Ending poverty is a vital step in ending population growth, as well as being essential to ensure everyone can lead lives of dignity and security. To achieve that, we must address all the drivers of poverty and inequality, and challenge the structures which contribute to or perpetuate them.
The highest rates of population growth take place in the world’s poorest countries. The population of the Least Developed Countries is projected to rise from just over 1bn in 2020 to 1.9bn in 2050. In some countries, population growth is outstripping economic growth, making them unable to escape poverty.
About Population Matters
Population Matters campaigns to achieve a sustainable human population, to protect the natural world and improve people’s lives.
We promote positive, practical, ethical solutions – encouraging smaller families, inspiring people to reduce excessive consumption and helping us all to live within our planet’s natural limits. We believe everyone should have the freedom and ability to choose a smaller family. We support human rights, women’s empowerment and global justice.
Family size and poverty
The world’s lowest-income countries tend to have the largest family sizes and fertility rates. There are multiple factors contributing to that link. When people have no economic security and cannot rely on their government and a social safety net, they often have children to help provide income or labour for their families, and to ensure they will be looked after when they are older.
In low-income countries, the pressure of providing services and infrastructure to a growing population contributes more to the cycle. Lack of health care, education and modern family planning leave the conditions which lead to large family size unaddressed. Tackling poverty allows family sizes to reduce.
Of course, population growth is itself a major contributor to poverty in many low-income countries. Actions which address it in those places play a critical role in ending it, but they are far from the only actions needed.
We cannot confront the massive challenges of poverty, hunger, disease and environmental destruction unless we address issues of population and reproductive health.Thoraya Ahmed Obaid, UN Under-Secretary-General 2000-2010
Poverty is not a consequence of limited global resources, but political and economic injustice. While billions enjoy an affluent style, more than a tenth of the world’s population live in extreme poverty today. However, despite the fact that the richest drive the climate crisis, resource competition and environmental damage, the poorest people are almost always at greatest risk from them. The effects of an unsustainable population hit the poorest first, and hardest.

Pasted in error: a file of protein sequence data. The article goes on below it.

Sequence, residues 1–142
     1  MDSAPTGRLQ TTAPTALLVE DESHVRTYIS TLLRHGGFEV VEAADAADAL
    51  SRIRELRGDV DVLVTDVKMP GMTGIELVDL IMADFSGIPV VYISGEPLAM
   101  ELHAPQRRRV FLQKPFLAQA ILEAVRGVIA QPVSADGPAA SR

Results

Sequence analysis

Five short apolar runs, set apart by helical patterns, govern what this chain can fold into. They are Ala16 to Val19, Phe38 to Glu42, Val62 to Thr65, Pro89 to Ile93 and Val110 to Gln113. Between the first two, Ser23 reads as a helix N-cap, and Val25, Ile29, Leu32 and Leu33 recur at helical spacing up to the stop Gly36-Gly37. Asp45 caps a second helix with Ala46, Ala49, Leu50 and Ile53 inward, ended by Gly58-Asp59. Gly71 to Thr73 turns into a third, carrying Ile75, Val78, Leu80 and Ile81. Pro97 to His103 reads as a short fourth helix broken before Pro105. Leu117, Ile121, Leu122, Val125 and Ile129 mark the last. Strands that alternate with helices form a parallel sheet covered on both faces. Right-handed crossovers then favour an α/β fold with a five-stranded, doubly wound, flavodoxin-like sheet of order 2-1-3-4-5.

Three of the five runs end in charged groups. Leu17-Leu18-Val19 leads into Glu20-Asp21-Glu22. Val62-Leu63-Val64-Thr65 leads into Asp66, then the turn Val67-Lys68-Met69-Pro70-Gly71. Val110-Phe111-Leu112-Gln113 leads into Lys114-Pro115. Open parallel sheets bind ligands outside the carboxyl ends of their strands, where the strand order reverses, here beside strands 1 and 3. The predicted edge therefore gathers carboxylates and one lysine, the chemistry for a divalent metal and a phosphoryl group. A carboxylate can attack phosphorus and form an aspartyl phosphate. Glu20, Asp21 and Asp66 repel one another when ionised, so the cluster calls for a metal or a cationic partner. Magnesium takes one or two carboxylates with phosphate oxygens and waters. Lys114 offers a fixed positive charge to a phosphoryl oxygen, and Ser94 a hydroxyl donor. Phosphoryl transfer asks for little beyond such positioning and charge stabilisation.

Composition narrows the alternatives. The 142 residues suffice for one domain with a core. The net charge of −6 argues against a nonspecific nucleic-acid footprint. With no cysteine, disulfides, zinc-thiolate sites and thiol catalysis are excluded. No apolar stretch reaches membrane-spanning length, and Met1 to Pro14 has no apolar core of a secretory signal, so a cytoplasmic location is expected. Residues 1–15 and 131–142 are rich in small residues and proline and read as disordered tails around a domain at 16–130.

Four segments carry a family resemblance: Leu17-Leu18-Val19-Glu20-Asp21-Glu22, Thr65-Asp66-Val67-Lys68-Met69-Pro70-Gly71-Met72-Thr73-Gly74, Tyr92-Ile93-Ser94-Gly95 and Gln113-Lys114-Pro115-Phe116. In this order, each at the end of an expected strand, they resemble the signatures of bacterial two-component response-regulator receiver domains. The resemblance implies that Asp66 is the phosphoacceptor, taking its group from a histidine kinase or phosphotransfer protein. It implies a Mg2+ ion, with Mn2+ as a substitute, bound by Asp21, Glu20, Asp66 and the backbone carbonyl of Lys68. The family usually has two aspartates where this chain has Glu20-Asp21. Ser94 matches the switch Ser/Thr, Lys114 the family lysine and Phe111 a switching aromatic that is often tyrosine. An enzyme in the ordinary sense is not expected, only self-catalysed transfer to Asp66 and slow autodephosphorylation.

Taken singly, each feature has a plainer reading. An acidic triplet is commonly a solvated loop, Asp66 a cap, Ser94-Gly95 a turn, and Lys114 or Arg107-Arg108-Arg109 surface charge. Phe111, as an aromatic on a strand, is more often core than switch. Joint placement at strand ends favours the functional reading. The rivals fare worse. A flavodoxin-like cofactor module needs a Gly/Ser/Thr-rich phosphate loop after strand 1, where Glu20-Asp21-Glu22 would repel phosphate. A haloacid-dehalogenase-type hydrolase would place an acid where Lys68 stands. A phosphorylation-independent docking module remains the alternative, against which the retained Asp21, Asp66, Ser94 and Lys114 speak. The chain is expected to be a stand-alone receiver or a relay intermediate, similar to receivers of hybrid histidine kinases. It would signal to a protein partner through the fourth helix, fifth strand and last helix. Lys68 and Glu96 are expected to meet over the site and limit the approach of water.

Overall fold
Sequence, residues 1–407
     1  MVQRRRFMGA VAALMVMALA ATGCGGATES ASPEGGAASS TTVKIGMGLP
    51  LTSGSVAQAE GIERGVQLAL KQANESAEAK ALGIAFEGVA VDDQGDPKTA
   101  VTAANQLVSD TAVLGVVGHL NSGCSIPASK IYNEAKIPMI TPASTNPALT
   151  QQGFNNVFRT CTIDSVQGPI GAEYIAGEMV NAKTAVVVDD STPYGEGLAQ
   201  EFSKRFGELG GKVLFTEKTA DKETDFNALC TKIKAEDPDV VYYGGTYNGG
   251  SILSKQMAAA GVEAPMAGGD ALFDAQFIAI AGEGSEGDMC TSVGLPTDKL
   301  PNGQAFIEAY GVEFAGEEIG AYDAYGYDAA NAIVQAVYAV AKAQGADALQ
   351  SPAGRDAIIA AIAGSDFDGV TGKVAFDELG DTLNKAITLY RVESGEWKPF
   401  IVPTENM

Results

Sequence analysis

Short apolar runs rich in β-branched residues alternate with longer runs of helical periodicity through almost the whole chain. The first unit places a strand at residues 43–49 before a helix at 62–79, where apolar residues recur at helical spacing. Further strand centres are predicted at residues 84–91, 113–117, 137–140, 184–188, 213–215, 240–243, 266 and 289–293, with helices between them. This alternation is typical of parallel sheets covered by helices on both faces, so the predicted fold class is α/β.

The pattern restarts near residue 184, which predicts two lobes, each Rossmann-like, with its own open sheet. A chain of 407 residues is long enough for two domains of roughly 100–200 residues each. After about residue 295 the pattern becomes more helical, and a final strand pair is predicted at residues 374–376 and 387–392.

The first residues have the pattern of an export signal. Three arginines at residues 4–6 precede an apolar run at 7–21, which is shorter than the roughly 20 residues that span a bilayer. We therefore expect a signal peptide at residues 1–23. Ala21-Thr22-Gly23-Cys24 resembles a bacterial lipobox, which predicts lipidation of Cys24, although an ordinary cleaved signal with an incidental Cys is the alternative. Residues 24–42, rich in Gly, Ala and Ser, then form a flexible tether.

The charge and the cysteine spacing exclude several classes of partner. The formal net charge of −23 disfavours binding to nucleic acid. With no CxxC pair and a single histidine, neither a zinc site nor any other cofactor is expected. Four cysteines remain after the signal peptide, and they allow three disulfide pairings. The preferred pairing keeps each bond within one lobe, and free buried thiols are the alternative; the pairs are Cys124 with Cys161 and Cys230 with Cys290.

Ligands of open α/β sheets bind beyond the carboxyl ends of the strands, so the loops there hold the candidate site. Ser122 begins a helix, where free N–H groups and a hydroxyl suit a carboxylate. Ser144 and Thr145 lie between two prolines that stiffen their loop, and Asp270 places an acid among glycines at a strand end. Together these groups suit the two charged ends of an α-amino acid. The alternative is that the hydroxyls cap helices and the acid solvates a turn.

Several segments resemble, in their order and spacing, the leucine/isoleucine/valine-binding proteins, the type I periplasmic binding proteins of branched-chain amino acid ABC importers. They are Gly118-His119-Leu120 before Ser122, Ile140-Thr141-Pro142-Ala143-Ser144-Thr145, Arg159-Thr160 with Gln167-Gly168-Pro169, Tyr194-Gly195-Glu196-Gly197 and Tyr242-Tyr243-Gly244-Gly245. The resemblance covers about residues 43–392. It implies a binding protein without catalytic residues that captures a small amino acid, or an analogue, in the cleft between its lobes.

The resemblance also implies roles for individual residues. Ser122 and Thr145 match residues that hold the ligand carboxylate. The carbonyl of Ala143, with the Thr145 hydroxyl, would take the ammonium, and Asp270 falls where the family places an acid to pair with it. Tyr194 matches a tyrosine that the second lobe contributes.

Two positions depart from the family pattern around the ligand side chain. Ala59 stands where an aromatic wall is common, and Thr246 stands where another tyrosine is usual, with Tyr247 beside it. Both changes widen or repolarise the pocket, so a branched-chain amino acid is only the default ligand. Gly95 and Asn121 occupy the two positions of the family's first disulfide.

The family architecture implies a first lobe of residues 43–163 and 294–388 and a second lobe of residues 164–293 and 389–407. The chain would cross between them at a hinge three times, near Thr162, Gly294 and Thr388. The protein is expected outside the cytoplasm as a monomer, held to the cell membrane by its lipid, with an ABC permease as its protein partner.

Evidence shows that economic growth in low-income countries does not automatically bring about lower fertility rates and population growth, while family sizes have fallen in poorer countries which haven’t grown economically. However, countries which have been successful in bringing down their fertility rates have often moved out of poverty more quickly.
TRADE, AID AND JUSTICE
Most of the drivers of continued poverty are a product of the choices, policies and past and present actions of governments in the wealthiest parts of the world. Those include, colonialism, slavery, support for poor or repressive governments, and the abuse of economic power. The international community and in particular the most affluent must address those injustices.
CHANGE FROM WITHIN
Like other nations, poor countries can also be afflicted by bad governance and internal challenges. Where they exist, corruption, repression, bad policymaking, poor investment, and harmful social norms such as gender inequity all act as brakes on economic development. Those campaigning against these forces in their own countries need the strongest support from the rest of the world.
GLOBAL JUSTICE AND FUNDAMENTAL REFORM
While poverty can also drive significant environmental destruction, the core driver of our global environmental crisis is overconsumption in the affluent parts of the world. This is in part driven by unsustainable and excessive consumer demand, and the choices of individual consumers in wealthy societies must play a critical role in addressing inequity and promoting sustainability. The free choice of consumers can be limited, however, and change at a more fundamental level is needed.
Population and the Sustainable Deveopment Goals
The Sustainable Development Goals are United Nations targets to achieve decent lives for everyone on a healthy planet. Governments across the world have signed up to the goals. Learn more about how tackling population can help secure a more just future.